Here’s a film which combines narrative in two countries. In this case, India and Australia.

Three actors shine in this film: Dev Patel (Slumdog Millionaire)—the grown-up Saroo; the child Saroo played by 5-year old Sunny Pawar, a non-English speaker when discovered, wonderfully cast from 2000 native boys of India; Nicole Kidman who played Saroo’s adoptive mother in Australia.

The film is based on a true story by Saroo Brierly from his book called A Long Way Home. The fascinating autobiographical story, as presented in the film, begins with 5-year-old Saroo happily working to help his mother do her job carrying rocks. He becomes lost looking for his brother, gets stuck on a train he can’t get off of and ends up a few thousand miles away.

After some exciting adventures he is adopted by an Australian couple and goes to Australia for the latter part of the movie until, finally… well you’ll see, if you see the film.

The first part of the film is great: the boy, the direction, the camerawork, etc. The music was good and garnered an award nomination, but I think it should have been Indian music in the first half. India’s music is so much a part of Indian culture and atmosphere that it’s a shame it was not prominent in the film. It would have emotionally supported the 25-year-old Saroo’s desire to come home.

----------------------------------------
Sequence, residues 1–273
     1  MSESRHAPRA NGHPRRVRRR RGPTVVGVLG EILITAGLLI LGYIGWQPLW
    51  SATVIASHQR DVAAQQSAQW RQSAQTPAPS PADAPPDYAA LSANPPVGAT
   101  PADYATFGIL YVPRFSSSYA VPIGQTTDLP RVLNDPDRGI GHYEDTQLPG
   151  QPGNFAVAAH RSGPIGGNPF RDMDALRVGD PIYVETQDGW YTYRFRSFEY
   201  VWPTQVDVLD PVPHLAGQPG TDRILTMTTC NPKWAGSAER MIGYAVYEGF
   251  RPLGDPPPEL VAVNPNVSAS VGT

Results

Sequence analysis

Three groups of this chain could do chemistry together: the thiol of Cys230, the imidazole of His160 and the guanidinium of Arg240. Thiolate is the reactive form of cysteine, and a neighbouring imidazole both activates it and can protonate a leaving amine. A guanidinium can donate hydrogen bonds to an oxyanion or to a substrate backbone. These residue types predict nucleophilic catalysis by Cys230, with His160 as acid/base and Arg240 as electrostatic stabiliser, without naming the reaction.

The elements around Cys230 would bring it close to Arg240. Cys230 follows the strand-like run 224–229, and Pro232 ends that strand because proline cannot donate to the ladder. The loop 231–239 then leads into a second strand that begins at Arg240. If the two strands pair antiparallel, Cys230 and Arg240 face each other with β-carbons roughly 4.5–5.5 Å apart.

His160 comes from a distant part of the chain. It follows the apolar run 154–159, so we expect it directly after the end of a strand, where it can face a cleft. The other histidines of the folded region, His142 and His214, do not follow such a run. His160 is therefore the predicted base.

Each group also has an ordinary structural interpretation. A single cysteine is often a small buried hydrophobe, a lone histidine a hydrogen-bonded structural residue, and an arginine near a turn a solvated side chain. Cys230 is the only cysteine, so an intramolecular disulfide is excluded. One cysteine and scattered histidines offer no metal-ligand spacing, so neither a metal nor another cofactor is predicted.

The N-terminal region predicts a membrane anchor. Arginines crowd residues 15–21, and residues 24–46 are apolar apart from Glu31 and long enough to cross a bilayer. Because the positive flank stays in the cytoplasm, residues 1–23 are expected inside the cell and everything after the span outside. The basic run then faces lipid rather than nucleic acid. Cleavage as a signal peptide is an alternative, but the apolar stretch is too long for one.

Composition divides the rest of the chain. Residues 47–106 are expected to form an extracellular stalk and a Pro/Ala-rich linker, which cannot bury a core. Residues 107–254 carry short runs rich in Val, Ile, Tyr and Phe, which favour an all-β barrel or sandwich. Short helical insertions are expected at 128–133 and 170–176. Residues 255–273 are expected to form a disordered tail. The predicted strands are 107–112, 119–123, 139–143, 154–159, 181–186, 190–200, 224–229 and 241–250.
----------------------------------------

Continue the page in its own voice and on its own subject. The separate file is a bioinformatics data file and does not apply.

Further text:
The Australia part of the film was relatively boring and lacking in meaning. Yes, there was quite a break from the past in India. Everything was different in Australia. The head-banging brother may have been part of Saroo’s story, but oh, so sad. I wished they had left him out of the movie. Was that mentally disturbed or brain-injured brother in the book by the author? Sometimes trying to be true to the book (which I haven’t read yet) deprives the movie of its essential purity.

The film did show the need to go back to one’s origins to find meaning in life.

The Australia segment gave one the feeling of spiritual poverty in a life that was materially comfortable, and “normal.”

The final part of the film, however, was great. It brought some degree of closure, but I left with the feeling that there was more to say.